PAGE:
In the late 60’s, a doll named Crissy was manufactured by the Ideal Toy Company. Chrissy’s main feature was that her hair could be made short or long on a whim, thanks to an opening in Crissy’s head that allowed her owner to manipulate the length of her shining locks.
Ah, if only it was so easy for us humans. Whether you’ve just made a chop and regretted it almost immediately or are looking to go long after years of sporting a crop-top, growing it out won’t be easy—but going about it the right way can make all the difference. For growing-out dos and don’ts, we talked to Kym Prager-Wilson, who has owned and operated the superhip Medusa Salon in Brooklyn, New York, for 13 years.
HAIR DOS AND DON’TS
So you’ve decided to go for some length?
DO commit. If you’re anything like me, you’ll get sick of the process after just a couple of months and have it all chopped off, at which point you’ll hear the siren call of longer locks and start all over again.
DO visit a stylist once the grow-out has started. “Try to get a little length and then get a little trim to start a new shape,” says Kym. But DON’T keep going back for upkeep. After the initial cut, “just let it grow until you can’t stand it anymore,” advises Kym.Once you’ve reached your breaking (or cutting) point, then make an appointment.
DO make it clear to your stylist that you’re trying to grow your hair out and that the trim should be just that—a trim.
DO make the most of your choppy locks and style them while they’re still short. When I’m growing my hair out, sometimes things look so hopeless that I forgo any attempts at styling and jam a hat over the whole mess until things smooth over—literally. But Kym says, “While it’s still short you should use a texture cream or paste, it will help give it some shape.” Another styling tip? “Tucking the sides behind the ears and pulling some side pieces and top pieces forward” makes for a cute, “tousled” look, explains Kym.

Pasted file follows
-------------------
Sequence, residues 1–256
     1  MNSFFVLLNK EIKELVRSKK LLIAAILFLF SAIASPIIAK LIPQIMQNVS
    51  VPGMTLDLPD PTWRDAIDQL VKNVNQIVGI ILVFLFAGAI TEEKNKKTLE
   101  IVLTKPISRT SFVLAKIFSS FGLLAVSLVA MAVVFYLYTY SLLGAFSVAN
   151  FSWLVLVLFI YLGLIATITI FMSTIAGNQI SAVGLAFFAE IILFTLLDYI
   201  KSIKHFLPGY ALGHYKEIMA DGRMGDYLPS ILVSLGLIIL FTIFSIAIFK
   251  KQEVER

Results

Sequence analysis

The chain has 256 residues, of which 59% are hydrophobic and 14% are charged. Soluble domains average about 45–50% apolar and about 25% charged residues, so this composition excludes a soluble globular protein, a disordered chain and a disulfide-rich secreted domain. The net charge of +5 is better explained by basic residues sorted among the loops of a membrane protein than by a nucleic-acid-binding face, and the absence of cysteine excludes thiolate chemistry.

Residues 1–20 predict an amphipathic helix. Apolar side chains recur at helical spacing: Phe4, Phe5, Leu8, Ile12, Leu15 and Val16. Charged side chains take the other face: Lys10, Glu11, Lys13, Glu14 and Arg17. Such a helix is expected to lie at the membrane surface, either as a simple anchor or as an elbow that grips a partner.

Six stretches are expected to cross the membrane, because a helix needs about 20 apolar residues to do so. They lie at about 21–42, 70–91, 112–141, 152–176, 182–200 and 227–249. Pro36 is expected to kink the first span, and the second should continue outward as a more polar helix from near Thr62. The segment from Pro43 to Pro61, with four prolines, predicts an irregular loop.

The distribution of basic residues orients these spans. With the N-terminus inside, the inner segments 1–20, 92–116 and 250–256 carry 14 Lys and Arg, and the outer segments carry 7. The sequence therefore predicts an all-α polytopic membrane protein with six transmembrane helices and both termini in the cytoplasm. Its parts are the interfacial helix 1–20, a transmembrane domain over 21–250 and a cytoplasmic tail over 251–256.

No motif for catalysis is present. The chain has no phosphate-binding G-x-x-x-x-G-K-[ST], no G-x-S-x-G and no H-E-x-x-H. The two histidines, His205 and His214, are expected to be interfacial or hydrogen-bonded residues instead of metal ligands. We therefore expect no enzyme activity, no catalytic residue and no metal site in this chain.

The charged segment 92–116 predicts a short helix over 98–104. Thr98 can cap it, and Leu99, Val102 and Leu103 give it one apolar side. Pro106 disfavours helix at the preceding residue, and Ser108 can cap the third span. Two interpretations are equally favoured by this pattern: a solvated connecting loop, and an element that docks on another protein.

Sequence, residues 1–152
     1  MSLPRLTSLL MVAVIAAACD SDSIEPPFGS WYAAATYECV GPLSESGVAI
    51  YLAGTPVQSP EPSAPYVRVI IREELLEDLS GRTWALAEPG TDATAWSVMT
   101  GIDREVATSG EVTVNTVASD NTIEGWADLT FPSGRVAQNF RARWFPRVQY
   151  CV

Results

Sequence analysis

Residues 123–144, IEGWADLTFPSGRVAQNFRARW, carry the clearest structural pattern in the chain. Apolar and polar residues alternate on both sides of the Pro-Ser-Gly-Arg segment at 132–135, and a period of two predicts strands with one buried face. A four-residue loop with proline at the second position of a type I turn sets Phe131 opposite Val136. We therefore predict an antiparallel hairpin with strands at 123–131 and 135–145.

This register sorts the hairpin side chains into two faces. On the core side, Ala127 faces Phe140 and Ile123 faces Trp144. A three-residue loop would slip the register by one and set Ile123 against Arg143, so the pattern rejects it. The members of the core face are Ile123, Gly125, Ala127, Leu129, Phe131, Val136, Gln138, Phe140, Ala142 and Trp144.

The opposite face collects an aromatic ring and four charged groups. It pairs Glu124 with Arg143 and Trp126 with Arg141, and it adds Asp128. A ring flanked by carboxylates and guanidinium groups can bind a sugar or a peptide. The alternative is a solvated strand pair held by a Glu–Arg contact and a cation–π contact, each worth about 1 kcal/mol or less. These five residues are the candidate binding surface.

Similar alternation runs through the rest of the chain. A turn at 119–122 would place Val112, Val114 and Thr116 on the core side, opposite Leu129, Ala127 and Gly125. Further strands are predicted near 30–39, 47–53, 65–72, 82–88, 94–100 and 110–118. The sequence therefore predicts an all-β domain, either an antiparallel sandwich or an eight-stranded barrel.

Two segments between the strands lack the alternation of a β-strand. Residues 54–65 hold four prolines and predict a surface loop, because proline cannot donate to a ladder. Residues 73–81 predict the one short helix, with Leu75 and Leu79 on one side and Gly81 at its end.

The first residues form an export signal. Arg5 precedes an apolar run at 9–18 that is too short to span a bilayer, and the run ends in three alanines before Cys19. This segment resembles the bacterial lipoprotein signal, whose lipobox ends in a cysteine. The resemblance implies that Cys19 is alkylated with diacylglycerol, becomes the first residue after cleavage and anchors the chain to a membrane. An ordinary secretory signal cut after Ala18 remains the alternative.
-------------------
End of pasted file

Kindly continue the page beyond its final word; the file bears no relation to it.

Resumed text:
DO stock up on bobby pins, cute clips, and other hair ornaments. If a certain cowlick isn’t obeying your styling product, stick a pin in it or cover it with a sleek headband. But raiding the hair product aisle at the local Target should be as far as you go when it comes to taming your mane—DON’T try to cut it yourself. There’s a process to how hair grows, and unless you’ve logged in experience of your own as a stylist, you may not understand how it all works. Leave the trimming to your trusted stylist.
DO keep your growing mane healthy, to encourage growth and—of course—to look your best. A good conditioner is essential and should be used generously and often. Kym’s picks? “Silk products. You apply a small amount after you’ve shampooed and conditioned and leave it in the hair. It will give shine, softness, and will protect the ends.” Kym likes Biosilk Therapy ($24.50), CHI Silk Infusion ($19.99), and Moroccan Oil products (prices vary; check moroccanoil for where to buy).
DON’T get discouraged by the awkward phases; they will happen. “You need to alter the way you style it as it changes,” says Kym. “Sometimes blow-drying, twisting, or trying a new product can help.” DO embrace the changes; after all, like Kym says, “You always have a new hair-do.” But if things have really gotten out of control, it might be time for another trim.
DO have some inspiration handy for when the tresses get tough—maybe a photo of yourself rocking long hair or a long-haired celebrity muse like Sofia Vergara. Sometimes I’ll tack a photo up on the bathroom mirror to remind myself why I’m growing it out. At the same time, DON’T obsess too much—if you keep thinking about it, the wait will drive you crazy. “Hair only grows about 1/2 an inch a month,” cautions Kym.
So have patience; keep your hair healthy and embrace the changes (it’ll be like having a new ‘do every week!), and look forward to the long locks that you’ll be flaunting in the not-too-distant future!